Session 3B | Paper 2 Using service user facilitated knowledge sharing days to develop empathy in radiography students

Dr Edwin Abdurakman, Lecturer in Diagnostic Radiography – City, University of London, School of Health Sciences, Division of Midwifery and Radiography

Dr Sophie Willis, Senior Lecturer – City, University of London, School of Health Sciences, Division of Midwifery and Radiography

Dr Irene Ctori, Senior Lecturer  – City, University of London, School of Health Sciences, Division of Optometry and Visual Sciences

Susanna Glover – Patient Experience Lead, Breast Cancer Now

Amanda Hobson Jones – volunteer (service user) , Breast Cancer Now


This paper aims to share best practice experiences of a collaboration between Breast Cancer Now charity and City, University of London to embed service user participation throughout the curriculum. It is a powerful stimulus for students to reflect on the impact of their roles and reaffirm their decisions to embark on healthcare careers.

Empathy is an essential part of any healthcare interaction (Derksen et al, 2013), however the ambiguity of meaning and the question of whether or not it can be taught has lead educators to consider alternative ways to develop the skills of empathy in their students (Marshall and Bleakley, 2009; Maatta, 2006).  This combined with the drive for service user engagement to be included within healthcare educational programmes (HCPC, 2018) has offered the radiography teams the opportunity to introduce a ‘Knowledge Sharing Day’ into the undergraduate programmes.   These days involve a number of different service users giving an overview of their experiences of medical imaging and oncology services they have experienced during their care, or in one case a carer of a patient with cancer sharing their experiences, expectations and perspectives of their care.

Students are encouraged to reflect within the session and ask questions of those facilitating them to develop a more holistic perspectives of patent centred care and the impact that their actions can have upon the experience of those within their care. The sessions further aim to reinforce the importance of empathy as a core quality required of all health care professional in their roles as well as the impact that they can have in promoting high quality patient care via empathetic engagement with all service users. This can be more broadly applied to all students at City and beyond who engage with external stakeholders.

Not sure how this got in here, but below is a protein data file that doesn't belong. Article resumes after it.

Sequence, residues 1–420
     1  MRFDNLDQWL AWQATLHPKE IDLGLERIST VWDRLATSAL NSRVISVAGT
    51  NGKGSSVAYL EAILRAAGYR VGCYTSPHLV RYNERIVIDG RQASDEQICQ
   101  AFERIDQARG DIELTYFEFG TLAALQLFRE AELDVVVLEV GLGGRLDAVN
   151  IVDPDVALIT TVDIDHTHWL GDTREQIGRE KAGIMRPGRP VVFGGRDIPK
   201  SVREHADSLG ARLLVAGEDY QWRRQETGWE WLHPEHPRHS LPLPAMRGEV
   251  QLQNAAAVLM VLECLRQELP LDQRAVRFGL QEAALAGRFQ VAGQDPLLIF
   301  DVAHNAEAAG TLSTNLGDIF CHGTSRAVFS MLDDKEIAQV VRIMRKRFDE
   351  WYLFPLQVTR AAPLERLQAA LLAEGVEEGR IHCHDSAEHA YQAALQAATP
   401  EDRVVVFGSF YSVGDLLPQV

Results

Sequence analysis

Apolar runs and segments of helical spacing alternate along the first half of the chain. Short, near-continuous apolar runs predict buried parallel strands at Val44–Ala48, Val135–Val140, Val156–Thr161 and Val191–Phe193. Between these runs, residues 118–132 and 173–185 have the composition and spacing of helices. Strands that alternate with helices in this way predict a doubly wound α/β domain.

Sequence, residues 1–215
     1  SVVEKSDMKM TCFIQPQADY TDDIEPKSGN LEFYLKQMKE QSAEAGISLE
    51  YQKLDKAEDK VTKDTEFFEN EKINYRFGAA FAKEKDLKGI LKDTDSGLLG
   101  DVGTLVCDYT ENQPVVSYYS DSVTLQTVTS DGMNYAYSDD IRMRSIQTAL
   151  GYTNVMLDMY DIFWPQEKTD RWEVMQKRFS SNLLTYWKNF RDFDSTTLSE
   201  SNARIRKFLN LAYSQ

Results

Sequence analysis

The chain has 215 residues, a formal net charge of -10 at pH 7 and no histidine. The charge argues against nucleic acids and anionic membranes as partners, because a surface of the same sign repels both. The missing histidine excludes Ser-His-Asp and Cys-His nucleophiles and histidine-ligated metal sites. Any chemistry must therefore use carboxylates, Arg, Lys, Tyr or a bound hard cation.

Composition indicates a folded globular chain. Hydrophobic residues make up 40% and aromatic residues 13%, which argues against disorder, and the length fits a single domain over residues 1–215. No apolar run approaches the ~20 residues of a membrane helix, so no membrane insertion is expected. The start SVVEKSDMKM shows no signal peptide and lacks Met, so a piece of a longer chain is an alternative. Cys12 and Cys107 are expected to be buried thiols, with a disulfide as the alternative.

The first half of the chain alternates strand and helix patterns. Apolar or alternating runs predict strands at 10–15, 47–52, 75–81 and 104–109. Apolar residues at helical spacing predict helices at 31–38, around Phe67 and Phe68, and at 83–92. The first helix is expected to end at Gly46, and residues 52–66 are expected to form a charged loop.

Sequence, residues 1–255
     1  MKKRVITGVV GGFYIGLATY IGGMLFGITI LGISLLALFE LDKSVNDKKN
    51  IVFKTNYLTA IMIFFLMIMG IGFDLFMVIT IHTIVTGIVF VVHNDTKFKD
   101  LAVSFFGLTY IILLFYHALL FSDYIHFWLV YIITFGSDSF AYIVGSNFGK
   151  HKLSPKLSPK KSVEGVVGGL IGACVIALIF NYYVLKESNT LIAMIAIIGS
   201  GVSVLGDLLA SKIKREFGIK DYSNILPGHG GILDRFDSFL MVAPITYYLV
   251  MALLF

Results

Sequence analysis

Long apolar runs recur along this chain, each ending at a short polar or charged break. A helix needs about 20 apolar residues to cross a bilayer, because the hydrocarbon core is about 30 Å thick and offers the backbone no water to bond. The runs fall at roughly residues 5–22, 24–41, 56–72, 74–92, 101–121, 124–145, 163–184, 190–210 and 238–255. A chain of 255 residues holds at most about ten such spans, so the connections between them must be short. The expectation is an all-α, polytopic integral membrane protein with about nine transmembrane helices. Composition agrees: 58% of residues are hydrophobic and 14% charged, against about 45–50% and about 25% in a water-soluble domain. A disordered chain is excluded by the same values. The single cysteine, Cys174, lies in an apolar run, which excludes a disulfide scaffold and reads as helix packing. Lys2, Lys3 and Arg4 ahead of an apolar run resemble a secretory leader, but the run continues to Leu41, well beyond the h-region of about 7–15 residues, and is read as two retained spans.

The aim of this presentation is to share the impact of these days by presenting the findings of the pre and post-session empathy questionnaire which were given to students. The findings from each questionnaire were collated and analysed using a t-test for group comparisons to measure students’ levels of empathy pre- and post- delivery of the component. Effect sizes will be calculated to determine the clinical significance of findings (Berg et al., 2011)

Slides from the session

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Recording of the session:

Paper 2 starts from 29:27 into the recording.


Berg K, Majdan JF, Berg D, Veloski J, Hojat M. (2011). Medical students’ self-reported empathy and simulated patients’ assessments of student empathy: An analysis by gender and ethnicity. Acad Med.;86:984–988.

Derksen, F. Bensing, J. and Lagro-Janssen. (2013) Effectiveness of empathy in general practice: a systematic review. British Journal of General Practice, 63 (606), pp.e76 – 84

HCPC (2018), Service user and carer involvement: What we are looking for when you involve service users and carers in your programme. Available at:

Marshall R, Bleakley A (2009). The death of Hector: pity in Homer, empathy in medical education. Med Humanit 2009;35:7e12.

Maatta SM (2006). Closeness and distance in the nurse-patient relation. The relevance of Edith Stein’s concept of empathy. Nurs Philos 2006;7:3e10.

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